Should You or Shouldn’t You? Evaluating a Request for a Sustainability Attestation

More and more companies are caring about things beyond their profits. Small businesses are spending time making sure they’re protecting the environment, supporting social justice issues, and creating a positive impact in their community. If your clients approach you to do a study on their sustainability, here’s a few things to keep in mind.

Make the Scope Clear

The idea of a sustainability audit is somewhat vague. What does this mean? There’s a number of different ways your client can be sustainable. The first thing you want to do is check with your client about the scope of the attestation. To do this, discuss the purpose of the findings report. If your client is looking to secure government grants that require specific metrics, the attestation is well-defined. If your client wants to see how its business is doing and compare its practices to industry standards, there’s a bit more work for you to do. Before you consider making an attestation of your client’s sustainability, know why it needs this information.

Are You a Subject Matter Expert?

Again, there are different meanings behind the idea of being sustainable. Your client could be striving to become more economically sustainable by making sure its market presence, product demand, and other outside forces won’t end up putting it out of business. It could also want to be more mindful of the materials it’s using and energy it’s consuming, and how it’s getting rid of waste. Other topics of sustainability could include health and safety measures, nondiscriminatory practices, or product safety.

Before you agree to check out your client’s sustainability, think about what you know. As an accountant, you probably don’t have an environmental science or engineering background. Are you able to report on Canadian environmental protection acts and requirements? Do you know enough about product safety requirements? If you don’t feel comfortable reporting on these elements, it’s best to make room for experts who are more experienced in these fields. This is especially important if you’ll be the one in direct contact with regulatory or government agencies.

It’s Tough to Measure

One of the main problems you’ll come across in doing a sustainability audit is figuring out how to measure stuff. Some things, especially environmental practices, might be tough to measure with high accuracy. To get very specific measurements, technical and specialized equipment might have to be used. If you decide to go ahead with the engagement, you’ll have to decide whether to place more focus on these areas of higher risk. If your client needs specific environmental readings or safety test qualifications, make sure you know how to perform measurements, decide on your degree of risk, and communicate with your client about how it should share these results with the world.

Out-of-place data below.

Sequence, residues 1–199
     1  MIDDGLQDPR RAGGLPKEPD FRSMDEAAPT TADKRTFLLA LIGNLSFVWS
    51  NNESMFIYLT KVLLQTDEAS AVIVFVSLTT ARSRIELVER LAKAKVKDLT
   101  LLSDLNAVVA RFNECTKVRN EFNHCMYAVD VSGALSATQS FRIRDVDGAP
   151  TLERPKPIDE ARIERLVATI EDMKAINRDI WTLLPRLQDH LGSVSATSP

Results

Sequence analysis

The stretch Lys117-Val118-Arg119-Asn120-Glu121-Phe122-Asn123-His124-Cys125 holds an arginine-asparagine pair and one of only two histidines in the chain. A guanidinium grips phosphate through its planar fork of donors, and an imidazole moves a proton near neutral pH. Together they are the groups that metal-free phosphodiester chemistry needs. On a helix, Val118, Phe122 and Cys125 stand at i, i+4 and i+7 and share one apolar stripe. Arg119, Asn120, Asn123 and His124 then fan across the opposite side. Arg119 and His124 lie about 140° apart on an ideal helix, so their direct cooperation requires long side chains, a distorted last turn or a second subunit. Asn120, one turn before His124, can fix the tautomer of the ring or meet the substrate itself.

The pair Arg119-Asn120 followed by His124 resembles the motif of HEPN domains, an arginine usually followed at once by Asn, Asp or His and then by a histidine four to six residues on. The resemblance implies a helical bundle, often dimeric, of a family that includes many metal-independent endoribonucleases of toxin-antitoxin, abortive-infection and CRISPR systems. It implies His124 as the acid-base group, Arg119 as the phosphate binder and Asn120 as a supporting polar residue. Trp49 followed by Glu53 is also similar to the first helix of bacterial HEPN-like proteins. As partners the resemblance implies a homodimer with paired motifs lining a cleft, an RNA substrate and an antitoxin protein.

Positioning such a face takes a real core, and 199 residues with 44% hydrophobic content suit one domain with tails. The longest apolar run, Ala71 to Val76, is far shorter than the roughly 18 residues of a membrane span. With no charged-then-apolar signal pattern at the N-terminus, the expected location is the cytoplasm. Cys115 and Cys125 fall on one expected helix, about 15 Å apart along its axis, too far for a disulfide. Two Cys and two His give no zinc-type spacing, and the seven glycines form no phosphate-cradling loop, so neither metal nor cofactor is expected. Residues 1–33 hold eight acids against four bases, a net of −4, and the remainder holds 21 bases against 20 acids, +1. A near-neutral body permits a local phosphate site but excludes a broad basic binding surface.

Figuring Out What Is Material

You don’t want to spend tons of time looking at something that doesn’t matter. Before taking on an engagement to do a sustainability audit, talk with your client about what is important. Understand what management has done and is looking for. Is there a certain area that’s more significant for reporting purposes? Before starting your work, set a threshold of materiality for any numbers you’ll be calculating and comparing. Also, research if there are indicators your client wants or needs to reach, such as a certain number of products having to be tested, as this directly defines your scope.

Forming an Opinion/Presentation

If you’ve already done a financial attestation, you’re probably in good shape here. Make sure you and your client know the scope of what you’ll put together. In general, you’ll usually form an opinion in a findings report over the overall presentation of your client’s sustainability information, whether there’s consistency in its practices, the information it has presented is complete, and that its disclosures are correct. Get a sense of what your client needs in your final presentation. For example, if it plans on reporting the findings to regulatory agencies, it might need diagrams, tables of data, or other visual representations.

Uh Oh….There’s a Misstatement

It’s not the end of the world if you find a misstatement. But it’s important you understand how to communicate this to your client. You might come across four different types of mistakes, so touch base with your client on what it needs to know if any of them appear. These include:

  1. Your client misstated quantified info. For instance, it didn’t state the right emissions or didn’t include activity for a certain period of time.
  2. Your client gave a misstatement of narrative.
  3. Your client omitted information.
  4. You client didn’t include all the necessary descriptions such as methodologies, measurement methods, estimates, and assumptions when doing sustainability tests.

In all of these cases, you need to display each type of misstatement differently because they each represent a different type of mistake.

There are many different ways to do a sustainability audit. It’s up to your client to determine what it needs tested or what it wants to know. Communicate with your client about the scope of the engagement, the final product it’s looking to get, and the sort of matter it wants covered. By touching base early about the items above, you know right away whether the engagement is a good idea to accept.

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